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Survey: What do people think of our tobacco free policy?

by Lilian Riad-Allen

In the cigar shop that doubled as a convenience store by my first residence in university, I remember the old cigarette ads plastered across the wall: Doctors in white coats promoting their favourite brand of cigarettes, children and even babies in cigarette ads, and women talking about the weight loss benefits of smoking.

I was always intrigued by these images as they seemed to reflect a reality that I couldn’t imagine. Attitudes had shifted so much since then that the idea of a physician advocating for tobacco use seemed almost satirical.

Attitudes have indeed been shifting. Since the first US surgeon general’s report in 1964[1] , the number of people smoking has been in constant decline to where we are now, 50 years later, with approximately 17 per cent of Canadians still smoking.

When you compare that to the number of people with mental health and addiction issues who smoke, you see a striking difference – with an estimated smoking prevalence of over 60 per cent.

The relationship between smoking and mental health is a complicated one, with a long history of behavioural reinforcements in mental health agencies and cognitive benefits offered by nicotine.

>> See: Tobacco research and treatment: We’ve come a long way

However, research has consistently confirmed that people living with a mental illness have an interest in quitting smoking, and can be as successful at quitting as those without a mental illness.

As CAMH is transitioning to a tobacco free environment, the project team wanted to explore the attitudes of both patients and staff – and the results were somewhat surprising.

What do staff members think of a tobacco free CAMH?

With 450 staff members responding to a brief survey, here’s what they had to say:

  • 81% agree/strongly agree that addressing tobacco use at CAMH is important
  • 71% of agree/strongly agree that they support a tobacco free CAMH
  • 69% agree/strongly agree that going tobacco free will open dialogue about quitting smoking
  • 59% responded with uncertainty (undecided/unsure) or disagreement (disagree or strongly disagree) to the statement “I am confident that the tobacco free policy at CAMH will be successful”
  • 43% agree/strongly agree to the statement “I am concerned that smoking cessation could exacerbate client/patient symptoms”
  • 46% of staff agree/strongly agree that tobacco free policies will make tobacco users feel stigmatized

From these responses, it’s clear that:

  1. Staff members realize the benefits of being tobacco free
  2. They are not confident that our tobacco free initiative will be successful
  3. They have concerns about exacerbating patient symptoms and stigmatization

These responses clearly indicate that as a project, the tobacco free initiative needs to focus on clinical care strategies and supports in order to be successful. These results also indicate that we need to continue to engage and support staff in order to gain their confidence in the success of this project.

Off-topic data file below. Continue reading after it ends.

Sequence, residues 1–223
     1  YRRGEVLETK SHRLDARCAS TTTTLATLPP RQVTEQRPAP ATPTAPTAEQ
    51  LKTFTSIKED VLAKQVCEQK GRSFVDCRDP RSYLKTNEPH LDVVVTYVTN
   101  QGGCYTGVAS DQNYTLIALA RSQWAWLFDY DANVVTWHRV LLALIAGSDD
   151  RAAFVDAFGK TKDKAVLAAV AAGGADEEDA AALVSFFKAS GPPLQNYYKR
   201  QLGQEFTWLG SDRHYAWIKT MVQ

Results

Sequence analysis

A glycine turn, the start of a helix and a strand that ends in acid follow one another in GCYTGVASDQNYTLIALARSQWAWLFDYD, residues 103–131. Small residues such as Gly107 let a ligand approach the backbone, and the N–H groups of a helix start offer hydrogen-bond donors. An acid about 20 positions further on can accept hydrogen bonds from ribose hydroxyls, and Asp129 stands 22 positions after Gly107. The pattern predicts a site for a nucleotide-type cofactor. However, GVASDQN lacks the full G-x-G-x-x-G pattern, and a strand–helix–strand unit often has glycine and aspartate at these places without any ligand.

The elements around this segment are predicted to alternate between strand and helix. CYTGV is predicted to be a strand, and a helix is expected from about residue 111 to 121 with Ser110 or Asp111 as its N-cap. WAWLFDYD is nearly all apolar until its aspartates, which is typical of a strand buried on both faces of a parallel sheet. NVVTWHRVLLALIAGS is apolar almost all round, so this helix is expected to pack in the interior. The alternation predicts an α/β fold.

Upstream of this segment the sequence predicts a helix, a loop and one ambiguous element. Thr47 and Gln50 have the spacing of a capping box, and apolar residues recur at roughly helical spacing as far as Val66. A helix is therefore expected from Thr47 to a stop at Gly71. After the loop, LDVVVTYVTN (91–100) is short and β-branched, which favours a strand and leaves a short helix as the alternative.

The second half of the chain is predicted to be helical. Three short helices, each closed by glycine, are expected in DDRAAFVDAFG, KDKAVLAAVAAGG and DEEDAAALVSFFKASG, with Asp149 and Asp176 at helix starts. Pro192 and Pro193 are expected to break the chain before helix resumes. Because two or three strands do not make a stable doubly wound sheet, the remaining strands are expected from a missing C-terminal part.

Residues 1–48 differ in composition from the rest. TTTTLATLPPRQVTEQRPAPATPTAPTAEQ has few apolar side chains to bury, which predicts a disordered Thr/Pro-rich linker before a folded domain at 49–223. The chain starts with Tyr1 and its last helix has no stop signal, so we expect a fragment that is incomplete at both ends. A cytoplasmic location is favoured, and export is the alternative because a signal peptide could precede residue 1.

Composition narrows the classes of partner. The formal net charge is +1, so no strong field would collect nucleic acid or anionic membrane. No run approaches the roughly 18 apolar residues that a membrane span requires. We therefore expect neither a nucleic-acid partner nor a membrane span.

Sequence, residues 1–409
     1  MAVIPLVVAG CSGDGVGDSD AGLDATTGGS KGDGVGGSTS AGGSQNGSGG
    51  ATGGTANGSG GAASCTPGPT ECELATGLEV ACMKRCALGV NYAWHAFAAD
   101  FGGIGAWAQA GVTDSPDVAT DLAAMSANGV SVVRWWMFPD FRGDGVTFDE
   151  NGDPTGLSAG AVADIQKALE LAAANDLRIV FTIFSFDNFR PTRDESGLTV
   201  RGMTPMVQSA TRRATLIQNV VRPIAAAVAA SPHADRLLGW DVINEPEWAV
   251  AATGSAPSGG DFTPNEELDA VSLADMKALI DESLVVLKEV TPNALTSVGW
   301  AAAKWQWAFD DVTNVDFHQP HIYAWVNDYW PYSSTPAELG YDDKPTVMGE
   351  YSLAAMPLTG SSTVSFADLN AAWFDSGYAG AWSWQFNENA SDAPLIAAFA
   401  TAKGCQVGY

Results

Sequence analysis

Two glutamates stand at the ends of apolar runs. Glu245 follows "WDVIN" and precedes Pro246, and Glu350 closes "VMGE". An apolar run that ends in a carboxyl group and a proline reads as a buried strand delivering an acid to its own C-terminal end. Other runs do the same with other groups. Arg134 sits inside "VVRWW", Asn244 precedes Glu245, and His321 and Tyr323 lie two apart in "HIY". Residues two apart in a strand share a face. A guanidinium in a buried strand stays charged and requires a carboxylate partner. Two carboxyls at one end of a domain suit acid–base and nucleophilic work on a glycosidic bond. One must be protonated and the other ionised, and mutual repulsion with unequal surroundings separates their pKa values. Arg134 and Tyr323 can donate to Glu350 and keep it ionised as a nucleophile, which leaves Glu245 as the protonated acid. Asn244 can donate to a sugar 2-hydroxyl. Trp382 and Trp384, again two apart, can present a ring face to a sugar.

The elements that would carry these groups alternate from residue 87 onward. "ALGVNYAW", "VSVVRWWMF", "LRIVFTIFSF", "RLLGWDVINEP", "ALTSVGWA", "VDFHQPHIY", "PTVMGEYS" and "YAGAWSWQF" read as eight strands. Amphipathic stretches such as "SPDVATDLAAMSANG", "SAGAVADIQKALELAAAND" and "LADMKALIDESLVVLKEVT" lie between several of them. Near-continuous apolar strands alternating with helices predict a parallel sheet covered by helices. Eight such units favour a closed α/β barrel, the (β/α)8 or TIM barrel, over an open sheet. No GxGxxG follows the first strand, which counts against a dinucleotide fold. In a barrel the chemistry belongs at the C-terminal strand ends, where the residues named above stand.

What do patients think of a tobacco free CAMH?

Even more importantly, we anonymously surveyed 123 patients (both in- and outpatients) – and almost half (42 percent) said they are smokers. Here’s what they had to say:

  • 79% of patients agree/strongly agree that tobacco free policies will lead to better health
  • 70% of patients agree/strongly agree that stopping smoking is important for them
  • 59% of patients agree/strongly agree that they support the tobacco free policy at CAMH
  • 69% of patients agree/strongly agree that they will not smoke on CAMH property
  • 54% of patients agree/strongly agree that they can get supports to follow the policy
  • 65% of patients disagree/strongly disagree that stopping smoking could make their illness worse
  • 48% of patients agree/strongly agreed that the tobacco free policy at CAMH will be successful
  • 44% of patients agree/strongly agree that tobacco free policies will make tobacco users feel stigmatized

Incredibly, we see a comparable level of support from patients and even a higher level of confidence that we will be successful at becoming tobacco free (48 per cent of patients agree compared to only 40 per cent of staff).

We also see a high level of disagreement that stopping smoking will worsen patient symptoms, indicating that despite staff concerns over worsening patient symptoms, patients don’t appear to agree with this concern.

Of note, however, is that we see comparable levels of concern over stigmatization of tobacco users, which again speaks to the need for this approach to be clinical in nature.

These survey results coupled with staff feedback that this change is improving air quality and reducing tobacco triggers for those making changes to their tobacco use are inspiring and useful.

Clearly changes are being made, and in the same way that those old cigarette ads now seem antiquated, it will soon seem incredible that tobacco use was permitted on hospital properties.

What supports can CAMH put in place to improve tobacco free outcomes without stigmatizing tobacco users?

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One Comment Post a comment
  1. Anonymous Smoker #

    As a low-income smoker, I’m more interested in knowing the connection between cheap smokes and organized crime. Sure, CAMH can set lofty goals, but the sidewalk surrounding the buildings are now littered with smokers. Reaching out to patients will probably require some walking on behalf of workers at the hospital…

    August 9, 2014

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